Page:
Gus :-)))


RTalloni profile image

RTalloni 5 years ago from the short journey

That's true, but it is highly contagious and careless caregivers help spread it, as can careless or unaware visitors.


kathryn1000 profile image

kathryn1000 5 years ago from London

Very informative whilst also being very funny too!


GusTheRedneck profile image

GusTheRedneck 5 years ago from USA Author

Thank you, kathryn - I tried to make this article readable and factual, both at the same time. I am happy that you enjoyed reading it.

Gus :-)))


Genna East profile image

Genna East 5 years ago from Massachusetts, USA

My son came down with this when he was hospitalized last year, and it took a plethora of strong antibiotics to rid himself of it. C-diff is no laughing matter, and I can't thank you enough for sharing this informative hub!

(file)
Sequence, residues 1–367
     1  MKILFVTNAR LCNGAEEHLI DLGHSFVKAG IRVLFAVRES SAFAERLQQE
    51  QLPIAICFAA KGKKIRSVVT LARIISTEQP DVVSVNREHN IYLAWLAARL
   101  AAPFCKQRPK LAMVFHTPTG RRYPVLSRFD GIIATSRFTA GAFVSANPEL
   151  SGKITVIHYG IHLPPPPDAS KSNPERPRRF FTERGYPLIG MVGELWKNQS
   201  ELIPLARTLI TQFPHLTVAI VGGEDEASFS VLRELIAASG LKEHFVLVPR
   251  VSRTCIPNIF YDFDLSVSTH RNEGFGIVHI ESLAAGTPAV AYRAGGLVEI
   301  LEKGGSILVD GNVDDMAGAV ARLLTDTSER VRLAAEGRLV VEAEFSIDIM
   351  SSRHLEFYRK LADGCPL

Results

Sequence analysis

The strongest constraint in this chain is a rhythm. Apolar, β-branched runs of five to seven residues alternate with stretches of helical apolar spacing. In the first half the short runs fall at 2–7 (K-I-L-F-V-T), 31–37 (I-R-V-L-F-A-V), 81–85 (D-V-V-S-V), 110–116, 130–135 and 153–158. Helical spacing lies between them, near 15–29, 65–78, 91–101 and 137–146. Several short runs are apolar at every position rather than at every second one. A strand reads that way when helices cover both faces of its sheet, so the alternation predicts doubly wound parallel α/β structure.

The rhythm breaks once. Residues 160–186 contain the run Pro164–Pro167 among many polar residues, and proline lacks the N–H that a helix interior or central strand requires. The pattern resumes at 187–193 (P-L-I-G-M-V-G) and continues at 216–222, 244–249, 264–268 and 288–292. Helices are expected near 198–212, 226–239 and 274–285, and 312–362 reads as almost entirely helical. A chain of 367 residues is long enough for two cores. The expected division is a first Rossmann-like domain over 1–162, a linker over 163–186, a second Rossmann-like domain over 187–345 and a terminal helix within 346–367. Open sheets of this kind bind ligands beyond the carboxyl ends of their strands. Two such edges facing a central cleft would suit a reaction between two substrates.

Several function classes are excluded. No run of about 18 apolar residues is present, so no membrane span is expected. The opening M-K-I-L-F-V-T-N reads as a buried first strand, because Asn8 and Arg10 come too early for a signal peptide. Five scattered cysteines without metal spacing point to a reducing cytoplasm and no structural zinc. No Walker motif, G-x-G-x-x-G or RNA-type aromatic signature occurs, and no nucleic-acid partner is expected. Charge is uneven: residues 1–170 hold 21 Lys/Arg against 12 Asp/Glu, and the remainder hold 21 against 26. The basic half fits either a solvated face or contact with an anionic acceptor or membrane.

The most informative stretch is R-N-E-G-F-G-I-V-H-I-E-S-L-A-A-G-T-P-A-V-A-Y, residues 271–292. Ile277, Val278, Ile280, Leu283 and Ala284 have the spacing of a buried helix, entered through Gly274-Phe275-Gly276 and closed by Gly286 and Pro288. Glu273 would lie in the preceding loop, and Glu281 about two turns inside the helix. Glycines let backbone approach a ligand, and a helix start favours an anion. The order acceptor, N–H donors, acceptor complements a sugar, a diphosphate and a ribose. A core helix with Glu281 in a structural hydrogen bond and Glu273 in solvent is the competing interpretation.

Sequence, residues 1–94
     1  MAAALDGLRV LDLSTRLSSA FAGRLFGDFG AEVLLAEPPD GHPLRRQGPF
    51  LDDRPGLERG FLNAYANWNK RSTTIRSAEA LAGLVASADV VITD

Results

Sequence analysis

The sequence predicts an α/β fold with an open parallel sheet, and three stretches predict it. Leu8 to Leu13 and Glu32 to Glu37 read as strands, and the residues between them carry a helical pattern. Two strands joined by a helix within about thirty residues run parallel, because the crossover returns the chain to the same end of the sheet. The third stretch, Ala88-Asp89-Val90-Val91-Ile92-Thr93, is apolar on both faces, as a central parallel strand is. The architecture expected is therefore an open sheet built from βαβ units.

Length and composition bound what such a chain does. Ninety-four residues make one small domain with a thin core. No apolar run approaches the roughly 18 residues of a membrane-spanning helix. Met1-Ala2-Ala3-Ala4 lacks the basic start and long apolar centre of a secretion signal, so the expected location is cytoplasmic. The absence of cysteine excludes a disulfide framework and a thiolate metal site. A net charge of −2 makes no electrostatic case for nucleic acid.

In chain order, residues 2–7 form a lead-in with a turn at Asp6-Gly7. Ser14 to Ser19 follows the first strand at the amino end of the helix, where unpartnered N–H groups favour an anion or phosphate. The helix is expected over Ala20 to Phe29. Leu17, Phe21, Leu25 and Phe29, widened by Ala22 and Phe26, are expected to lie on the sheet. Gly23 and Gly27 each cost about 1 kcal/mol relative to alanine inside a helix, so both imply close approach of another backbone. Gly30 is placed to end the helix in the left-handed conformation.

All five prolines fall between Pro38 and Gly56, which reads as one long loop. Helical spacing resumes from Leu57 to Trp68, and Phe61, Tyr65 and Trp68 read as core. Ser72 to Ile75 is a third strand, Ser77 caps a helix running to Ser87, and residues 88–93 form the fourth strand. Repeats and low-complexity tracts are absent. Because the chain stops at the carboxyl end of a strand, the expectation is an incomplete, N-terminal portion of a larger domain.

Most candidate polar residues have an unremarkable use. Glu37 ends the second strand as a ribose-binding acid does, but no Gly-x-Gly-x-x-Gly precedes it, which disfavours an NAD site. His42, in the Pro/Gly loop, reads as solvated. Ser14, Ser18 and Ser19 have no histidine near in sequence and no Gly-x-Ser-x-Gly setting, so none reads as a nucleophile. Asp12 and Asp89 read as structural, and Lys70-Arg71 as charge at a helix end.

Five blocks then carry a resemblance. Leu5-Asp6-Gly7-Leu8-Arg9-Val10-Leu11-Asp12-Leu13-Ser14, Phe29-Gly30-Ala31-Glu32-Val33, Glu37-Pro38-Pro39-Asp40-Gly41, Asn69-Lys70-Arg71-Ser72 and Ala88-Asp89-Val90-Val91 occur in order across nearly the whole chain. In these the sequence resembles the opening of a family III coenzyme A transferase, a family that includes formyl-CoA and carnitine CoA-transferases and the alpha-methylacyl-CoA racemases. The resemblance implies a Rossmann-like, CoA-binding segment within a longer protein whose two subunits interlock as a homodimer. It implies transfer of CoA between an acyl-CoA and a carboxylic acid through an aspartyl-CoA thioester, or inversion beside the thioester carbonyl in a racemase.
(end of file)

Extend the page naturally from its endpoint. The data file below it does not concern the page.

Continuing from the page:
GusTheRedneck profile image

GusTheRedneck 5 years ago from USA Author

Hi Genna - I hope that your son is OK now. You are correct. C. diff is a mean bug. As to the article, You are kind to think it worthy of reading.

Gus :-)))


cwarden profile image

cwarden 5 years ago from USA

Yuck, yuck and yuck. Thanks for the information, seems pretty important to know about this.


GusTheRedneck profile image

GusTheRedneck 5 years ago from USA Author

Hi cwarden - Yuckie stuff is exactly correct. Anything that helps to keep you breathing is important to know. You are right again!

Gus :-)))


Debby Bruck profile image

Debby Bruck 4 years ago

Dear Gus - Thank you for a "super" Hub. Now that's one good type of bug, don't you think? I learned a lot here and will talk up the buttermilk. They are now doing fecal implants, as well. The enema sounds like an easier method. Hold that thought! Blessings, Debby


GusTheRedneck profile image

GusTheRedneck 4 years ago from USA Author

Hi Debby -

Little bugs

within the gut

No one wants you

in there, but...

If we get

good bugs from cow,

you'll be gone,

and I mean NOW.